RATIOS: Scientific Research Linking Safe Nurse Staffing to Patient Safety
Medical Care: January 2013
Improving nurses’ work environments and staffing may be effective interventions for preventing readmissions. Each additional patient per nurse was associated with the risk of within 30 days of readmission for heart failure (7%), myocardial infarction (9%), and pneumonia (6%). “In all scenarios, the probability of patient readmission was reduced when nurse workloads were lower and nurse work environments were better.”
State-Mandated Nurse Staffing Levels Lead to Lower Patient Mortality and Higher Nurse Satisfaction
Agency for Healthcare Research and Quality, September 26, 2012
The California safe staffing law has increased nurse staffing levels and created more reasonable workloads for nurses in California hospitals, leading to fewer patient deaths and higher levels of job satisfaction than in other states without mandated staffing ratios. Despite initial concerns from opponents, the skill mix of nurses used by California hospitals has not declined since implementation of the mandated ratios.
Nurse Staffing, Burnout, and Health-Care Associated Infection
American Journal of Infection Control, August 2012
For each additional patient assigned to a nurse, there was roughly one additional infection per 1,000 patients, costing hospitals millions of dollars and endangering patients.
Healthcare associated infections are associated with morbidity, mortality, and enormous costs to health care facilities, and insurance providers nationwide are denying payment for costs associated with these infections. Healthcare facilities can improve nurse stafﬁng and other elements of the care environment and alleviate job-related burnout in nurses at a much lower cost than those associated with healthcare-associated infections. “It is costing hospitals more money not to spend money on nursing,” said Linda Aiken, the lead author.
Nurse Staffing and Inpatient Hospital Mortality
New England Journal of Medicine, March 17, 2011
"Studies involving RN staffing have shown that when the nursing workload is high, nurses' surveillance of patients is impaired, and the risk of adverse events increases."
"… We found that the risk of death increased with increasing exposure to shifts in which RN hours were 8 hours or more below target staffing levels or there was high turnover. We estimate that the risk of death increased by 2% for each below-target shift and 4% for each high-turnover shift to which a patient was exposed."
Implications of the California Nurse Staffing Mandate for Other States
Health Services Research, August 2010
The researchers surveyed 22,336 RNs in California and two comparable states, Pennsylvania and New Jersey, with striking results, including: if they matched California state-mandated ratios in medical and surgical units, New Jersey hospitals would have 13.9 percent fewer patient deaths and Pennsylvania 10.6 percent fewer deaths.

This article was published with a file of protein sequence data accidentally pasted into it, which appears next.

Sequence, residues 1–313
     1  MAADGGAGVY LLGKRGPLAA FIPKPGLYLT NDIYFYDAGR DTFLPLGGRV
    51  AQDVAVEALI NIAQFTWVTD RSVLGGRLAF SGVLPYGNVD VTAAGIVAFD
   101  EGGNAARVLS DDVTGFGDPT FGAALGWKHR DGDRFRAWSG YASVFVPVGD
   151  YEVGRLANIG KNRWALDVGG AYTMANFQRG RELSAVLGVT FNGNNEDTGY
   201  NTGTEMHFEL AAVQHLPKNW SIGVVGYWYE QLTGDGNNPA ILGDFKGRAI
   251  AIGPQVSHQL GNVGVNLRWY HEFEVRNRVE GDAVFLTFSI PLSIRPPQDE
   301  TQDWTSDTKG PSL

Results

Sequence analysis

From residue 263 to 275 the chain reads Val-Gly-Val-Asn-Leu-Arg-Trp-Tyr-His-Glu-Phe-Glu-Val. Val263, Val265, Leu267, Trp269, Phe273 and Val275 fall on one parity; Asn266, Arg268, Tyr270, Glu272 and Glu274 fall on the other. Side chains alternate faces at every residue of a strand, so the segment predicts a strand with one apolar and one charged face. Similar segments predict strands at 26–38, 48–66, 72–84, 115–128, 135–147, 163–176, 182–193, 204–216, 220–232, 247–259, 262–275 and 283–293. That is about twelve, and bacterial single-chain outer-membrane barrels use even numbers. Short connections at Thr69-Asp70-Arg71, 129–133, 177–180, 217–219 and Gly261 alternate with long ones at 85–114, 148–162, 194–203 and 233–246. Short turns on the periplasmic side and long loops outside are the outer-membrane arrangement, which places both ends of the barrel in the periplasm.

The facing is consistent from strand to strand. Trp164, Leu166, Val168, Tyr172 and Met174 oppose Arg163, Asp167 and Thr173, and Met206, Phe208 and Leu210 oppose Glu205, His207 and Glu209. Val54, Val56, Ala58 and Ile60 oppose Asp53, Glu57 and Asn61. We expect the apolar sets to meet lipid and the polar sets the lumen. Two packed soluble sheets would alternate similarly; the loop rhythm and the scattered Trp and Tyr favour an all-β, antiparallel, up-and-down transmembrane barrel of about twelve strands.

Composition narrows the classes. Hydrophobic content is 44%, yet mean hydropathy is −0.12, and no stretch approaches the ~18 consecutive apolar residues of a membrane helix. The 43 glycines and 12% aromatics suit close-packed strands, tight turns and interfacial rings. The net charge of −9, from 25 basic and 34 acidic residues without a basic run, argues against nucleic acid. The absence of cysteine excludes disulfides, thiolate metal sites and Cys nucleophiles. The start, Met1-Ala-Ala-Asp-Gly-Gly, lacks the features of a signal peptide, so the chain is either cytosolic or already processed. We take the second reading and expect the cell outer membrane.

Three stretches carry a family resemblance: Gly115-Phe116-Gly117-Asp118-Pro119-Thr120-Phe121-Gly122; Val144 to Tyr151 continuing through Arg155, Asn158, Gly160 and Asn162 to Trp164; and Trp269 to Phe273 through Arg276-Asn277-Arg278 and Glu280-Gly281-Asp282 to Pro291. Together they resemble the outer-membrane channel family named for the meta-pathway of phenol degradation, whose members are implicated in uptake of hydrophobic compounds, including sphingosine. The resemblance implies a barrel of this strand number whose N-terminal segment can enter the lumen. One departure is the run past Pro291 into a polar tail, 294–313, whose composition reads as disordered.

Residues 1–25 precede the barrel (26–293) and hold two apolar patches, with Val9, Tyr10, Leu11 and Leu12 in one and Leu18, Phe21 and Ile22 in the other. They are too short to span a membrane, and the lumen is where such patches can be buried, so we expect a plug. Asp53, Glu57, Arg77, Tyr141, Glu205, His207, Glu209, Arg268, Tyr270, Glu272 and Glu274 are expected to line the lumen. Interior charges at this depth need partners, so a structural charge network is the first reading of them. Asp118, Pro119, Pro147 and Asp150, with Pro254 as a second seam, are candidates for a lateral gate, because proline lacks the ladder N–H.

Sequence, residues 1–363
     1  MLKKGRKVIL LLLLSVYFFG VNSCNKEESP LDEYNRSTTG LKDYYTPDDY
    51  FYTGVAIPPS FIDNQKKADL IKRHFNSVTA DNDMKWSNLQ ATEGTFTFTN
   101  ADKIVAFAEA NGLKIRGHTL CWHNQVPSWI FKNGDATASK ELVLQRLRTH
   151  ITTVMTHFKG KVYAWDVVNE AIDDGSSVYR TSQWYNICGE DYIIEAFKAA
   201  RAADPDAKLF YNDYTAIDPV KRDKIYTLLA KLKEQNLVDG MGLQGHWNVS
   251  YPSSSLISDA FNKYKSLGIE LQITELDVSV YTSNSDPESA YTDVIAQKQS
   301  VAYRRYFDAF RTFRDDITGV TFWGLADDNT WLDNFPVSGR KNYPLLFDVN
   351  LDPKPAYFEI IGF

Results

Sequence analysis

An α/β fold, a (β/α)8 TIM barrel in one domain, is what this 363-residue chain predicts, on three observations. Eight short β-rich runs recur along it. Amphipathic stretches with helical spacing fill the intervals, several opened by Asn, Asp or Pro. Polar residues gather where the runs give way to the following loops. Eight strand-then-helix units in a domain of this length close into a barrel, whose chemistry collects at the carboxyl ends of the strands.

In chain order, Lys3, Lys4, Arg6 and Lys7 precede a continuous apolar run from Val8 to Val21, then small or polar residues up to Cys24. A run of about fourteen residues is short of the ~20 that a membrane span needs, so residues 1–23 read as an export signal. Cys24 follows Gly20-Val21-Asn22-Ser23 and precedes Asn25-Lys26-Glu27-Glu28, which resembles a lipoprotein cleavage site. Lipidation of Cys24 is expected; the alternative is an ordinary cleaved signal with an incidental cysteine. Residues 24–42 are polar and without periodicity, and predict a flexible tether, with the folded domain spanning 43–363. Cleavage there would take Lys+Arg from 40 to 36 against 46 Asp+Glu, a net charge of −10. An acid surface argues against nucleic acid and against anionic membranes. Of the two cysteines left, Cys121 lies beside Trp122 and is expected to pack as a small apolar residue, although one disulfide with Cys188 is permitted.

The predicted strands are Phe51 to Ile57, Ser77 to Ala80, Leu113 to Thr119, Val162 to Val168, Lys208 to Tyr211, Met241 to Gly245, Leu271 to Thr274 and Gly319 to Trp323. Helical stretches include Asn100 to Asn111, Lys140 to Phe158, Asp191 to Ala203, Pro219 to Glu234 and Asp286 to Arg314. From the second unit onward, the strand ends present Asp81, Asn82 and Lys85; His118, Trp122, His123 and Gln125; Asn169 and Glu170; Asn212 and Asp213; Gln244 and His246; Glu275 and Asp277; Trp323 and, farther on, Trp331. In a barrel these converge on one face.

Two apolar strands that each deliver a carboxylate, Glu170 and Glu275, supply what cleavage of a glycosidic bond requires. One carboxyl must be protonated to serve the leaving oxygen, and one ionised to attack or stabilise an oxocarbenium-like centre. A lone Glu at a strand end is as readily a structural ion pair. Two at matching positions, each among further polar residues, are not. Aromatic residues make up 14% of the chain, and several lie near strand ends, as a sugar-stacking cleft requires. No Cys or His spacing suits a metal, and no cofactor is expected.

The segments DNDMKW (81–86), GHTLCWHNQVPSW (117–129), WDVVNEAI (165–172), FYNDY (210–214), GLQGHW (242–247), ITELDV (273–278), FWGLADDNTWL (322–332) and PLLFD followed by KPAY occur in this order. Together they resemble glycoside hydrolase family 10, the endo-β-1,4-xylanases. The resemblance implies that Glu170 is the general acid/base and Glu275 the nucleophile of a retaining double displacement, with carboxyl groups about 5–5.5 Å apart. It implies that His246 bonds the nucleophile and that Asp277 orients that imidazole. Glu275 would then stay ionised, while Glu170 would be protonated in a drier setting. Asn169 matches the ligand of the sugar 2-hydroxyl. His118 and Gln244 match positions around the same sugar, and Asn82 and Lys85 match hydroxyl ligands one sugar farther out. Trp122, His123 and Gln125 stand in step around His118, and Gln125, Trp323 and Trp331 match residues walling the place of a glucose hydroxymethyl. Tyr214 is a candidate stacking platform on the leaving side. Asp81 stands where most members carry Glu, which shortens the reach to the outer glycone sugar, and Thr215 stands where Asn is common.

“Because all hospitalized patients are likely to benefit from improved nurse staffing, not just general surgery patients, the potential number of lives that could be saved by improving nurse staffing in hospitals nationally is likely to be many thousands a year,” according to Linda Aiken, the study’s lead author.
California RNs report having significantly more time to spend with patients, and their hospitals are far more likely to have enough RNs on staff to provide quality patient care. Fewer California RNs say their workload caused them to miss changes in patient conditions than New Jersey or Pennsylvania RNs
The Economic Value of Professional Nursing
Medical Care, January 2009
The findings in this report demonstrate that as nurse staffing levels increase, the risk of complications and the length of hospital stays decrease, leading to savings in medical costs, improved national productivity, and saved lives.
Adding 133,000 RNs to the acute care hospital workforce across the U.S. would produce medical savings estimated at $6.1 billion in reduced patient care costs, not including the value of increased productivity when nurses help patients recover more quickly, an estimated additional $231 million per year. Combining medical savings with increased productivity, the partial estimates of economic value averages $57,700 for each of the additional 133,000 RNs.
The Impact of Medical Errors on 90-Day Costs and Outcomes: An Examination of Surgical Patients
Health Services Research, July 2008
This found that the large difference in calculations for medical error expenses might mean that interventions to increase patient safety -- like adding more nursing staff -- could be more cost-effective than previously reported.
The study found that insurers paid an additional $28,218 (52 percent more) and an additional $19,480 (48 percent more) for surgery patients who experienced acute respiratory failure or post-operative infections, respectively, compared with patients who did not experience either error.
Preventing these and other preventable medical errors would reduce loss of life and could reduce healthcare costs by as much as 30 percent, the researchers said.